When is it safe for a sick child to attend child care?

Many people have differing opinions on when it is okay for a sick child to attend child care, it’s important to know when it’s safe and when it isn't.

Diarrhea is usually a short-lived issue, sometimes a minor nuisance, sometimes it keeps us home. It can be caused by a variety of things, many of which are contagious – such as food poisoning.

Infants and toddlers under 24 months do not have well developed immune systems and exposure to a very small amount of “bugs” or pathogens can make them sick. Children who attend child care centers are twice as likely to get sick as kids who do not, as there is more exposure to these pathogens. Some pathogens can get onto food and cause a foodborne illness, such as norovirus. Once this is present, it can spread rapidly among the children and adults. So, the question then becomes when should kids stay home and when is it ok for them to come to the child care center?

According to a study in the American Journal of Public Health, 40 percent of sick time is the result of parents taking time off themselves to take care of sick children. Guidelines can be helpful for both families and child care centers as too lenient policies can lead to increased transmission of illness, but too strict policies can prevent childcare during even minor illnesses which can create an undue burden for families. Fight Bac has excellent resources developed to help provide material for training and education in this area.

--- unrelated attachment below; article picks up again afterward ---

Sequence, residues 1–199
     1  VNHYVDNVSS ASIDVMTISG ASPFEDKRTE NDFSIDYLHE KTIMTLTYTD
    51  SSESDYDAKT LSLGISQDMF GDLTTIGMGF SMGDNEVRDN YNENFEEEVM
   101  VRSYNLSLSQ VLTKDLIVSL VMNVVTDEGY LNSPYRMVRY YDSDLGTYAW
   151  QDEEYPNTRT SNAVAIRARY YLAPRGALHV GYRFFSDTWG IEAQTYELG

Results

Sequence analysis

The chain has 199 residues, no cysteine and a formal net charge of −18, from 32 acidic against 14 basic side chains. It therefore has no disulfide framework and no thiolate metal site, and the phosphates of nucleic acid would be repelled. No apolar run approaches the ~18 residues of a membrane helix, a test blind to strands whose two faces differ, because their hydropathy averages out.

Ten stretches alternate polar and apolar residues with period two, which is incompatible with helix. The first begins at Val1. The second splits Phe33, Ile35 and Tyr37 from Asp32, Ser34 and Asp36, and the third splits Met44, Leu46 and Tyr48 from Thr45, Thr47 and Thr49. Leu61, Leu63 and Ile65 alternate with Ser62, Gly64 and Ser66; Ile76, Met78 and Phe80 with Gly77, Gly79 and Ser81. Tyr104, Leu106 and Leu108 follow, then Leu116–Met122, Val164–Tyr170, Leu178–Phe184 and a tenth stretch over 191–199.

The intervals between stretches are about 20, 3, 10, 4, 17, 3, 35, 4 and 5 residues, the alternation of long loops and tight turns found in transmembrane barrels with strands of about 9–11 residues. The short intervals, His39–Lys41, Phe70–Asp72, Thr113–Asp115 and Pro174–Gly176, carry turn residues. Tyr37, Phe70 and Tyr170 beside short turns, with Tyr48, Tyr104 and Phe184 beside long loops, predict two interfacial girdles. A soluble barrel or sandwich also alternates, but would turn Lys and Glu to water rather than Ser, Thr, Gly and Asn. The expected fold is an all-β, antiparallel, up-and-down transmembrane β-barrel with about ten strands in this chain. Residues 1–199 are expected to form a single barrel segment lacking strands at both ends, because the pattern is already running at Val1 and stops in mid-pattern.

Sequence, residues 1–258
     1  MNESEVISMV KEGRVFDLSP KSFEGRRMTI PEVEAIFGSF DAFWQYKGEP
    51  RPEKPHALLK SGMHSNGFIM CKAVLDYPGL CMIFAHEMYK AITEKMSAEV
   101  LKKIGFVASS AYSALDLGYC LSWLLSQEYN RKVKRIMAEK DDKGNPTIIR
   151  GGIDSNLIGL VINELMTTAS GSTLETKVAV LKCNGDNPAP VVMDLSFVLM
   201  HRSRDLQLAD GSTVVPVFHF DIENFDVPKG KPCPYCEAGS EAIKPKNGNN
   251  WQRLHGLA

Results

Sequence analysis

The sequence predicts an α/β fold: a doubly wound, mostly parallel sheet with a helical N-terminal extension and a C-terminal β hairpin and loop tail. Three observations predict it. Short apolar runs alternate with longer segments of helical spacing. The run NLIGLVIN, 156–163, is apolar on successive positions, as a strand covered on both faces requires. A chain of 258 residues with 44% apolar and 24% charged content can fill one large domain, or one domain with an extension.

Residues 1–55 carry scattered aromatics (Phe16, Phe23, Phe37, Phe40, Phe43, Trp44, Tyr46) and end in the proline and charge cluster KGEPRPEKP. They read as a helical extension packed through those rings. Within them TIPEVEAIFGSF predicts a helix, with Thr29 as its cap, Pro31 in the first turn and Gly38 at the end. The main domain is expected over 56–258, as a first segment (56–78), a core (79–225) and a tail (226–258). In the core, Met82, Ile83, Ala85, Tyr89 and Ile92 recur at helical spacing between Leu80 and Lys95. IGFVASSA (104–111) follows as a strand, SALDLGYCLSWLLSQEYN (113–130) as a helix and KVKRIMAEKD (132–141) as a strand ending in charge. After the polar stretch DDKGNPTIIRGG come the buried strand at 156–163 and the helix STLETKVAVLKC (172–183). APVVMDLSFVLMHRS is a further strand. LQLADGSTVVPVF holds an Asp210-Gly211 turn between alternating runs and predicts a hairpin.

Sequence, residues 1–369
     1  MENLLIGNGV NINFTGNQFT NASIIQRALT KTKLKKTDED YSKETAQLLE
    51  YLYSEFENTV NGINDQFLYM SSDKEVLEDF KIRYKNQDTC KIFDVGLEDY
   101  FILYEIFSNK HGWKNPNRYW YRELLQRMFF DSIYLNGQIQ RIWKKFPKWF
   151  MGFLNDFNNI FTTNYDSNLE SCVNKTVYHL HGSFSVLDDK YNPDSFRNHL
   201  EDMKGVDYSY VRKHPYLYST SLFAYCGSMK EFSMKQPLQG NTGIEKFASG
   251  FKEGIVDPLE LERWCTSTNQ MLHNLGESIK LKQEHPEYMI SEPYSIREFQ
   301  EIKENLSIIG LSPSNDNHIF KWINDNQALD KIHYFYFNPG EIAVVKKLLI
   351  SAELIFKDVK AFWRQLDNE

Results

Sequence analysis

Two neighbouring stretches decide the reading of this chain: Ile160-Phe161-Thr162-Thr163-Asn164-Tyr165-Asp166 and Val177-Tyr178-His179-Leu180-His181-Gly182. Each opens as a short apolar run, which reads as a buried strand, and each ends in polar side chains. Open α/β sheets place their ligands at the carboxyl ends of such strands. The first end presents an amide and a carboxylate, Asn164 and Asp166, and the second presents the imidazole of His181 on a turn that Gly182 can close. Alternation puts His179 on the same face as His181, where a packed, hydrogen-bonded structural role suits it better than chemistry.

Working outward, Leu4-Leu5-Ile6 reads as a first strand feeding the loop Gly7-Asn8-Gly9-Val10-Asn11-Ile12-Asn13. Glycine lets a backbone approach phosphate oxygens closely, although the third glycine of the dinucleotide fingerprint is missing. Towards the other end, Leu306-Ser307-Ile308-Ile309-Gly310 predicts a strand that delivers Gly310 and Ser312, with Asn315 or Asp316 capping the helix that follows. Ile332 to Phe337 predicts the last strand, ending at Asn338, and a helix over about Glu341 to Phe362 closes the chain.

Some basic guidelines Fight Bac provides to help you judge when to keep a sick child at home include:

  • The illness prevents the child’s comfortable participation in group activities.
  • The illness necessitates more care than the center can provide.
  • There is a significant risk of transmission to other children. This would include any foodborne illness such as salmonella, shigella, e. Coli, or Norovirus for example. 
  • The child has signs or symptoms suggesting a more serious illness that requires medical attention.

There are more detailed guidelines on what to do in case of an illness, when to exclude the child and when to allow the child to return available on the Fight Bac website. Michigan State University Extension offers classes on safe food handling, including one specific to child care providers. To find a class near you contact your local MSU Extension office.

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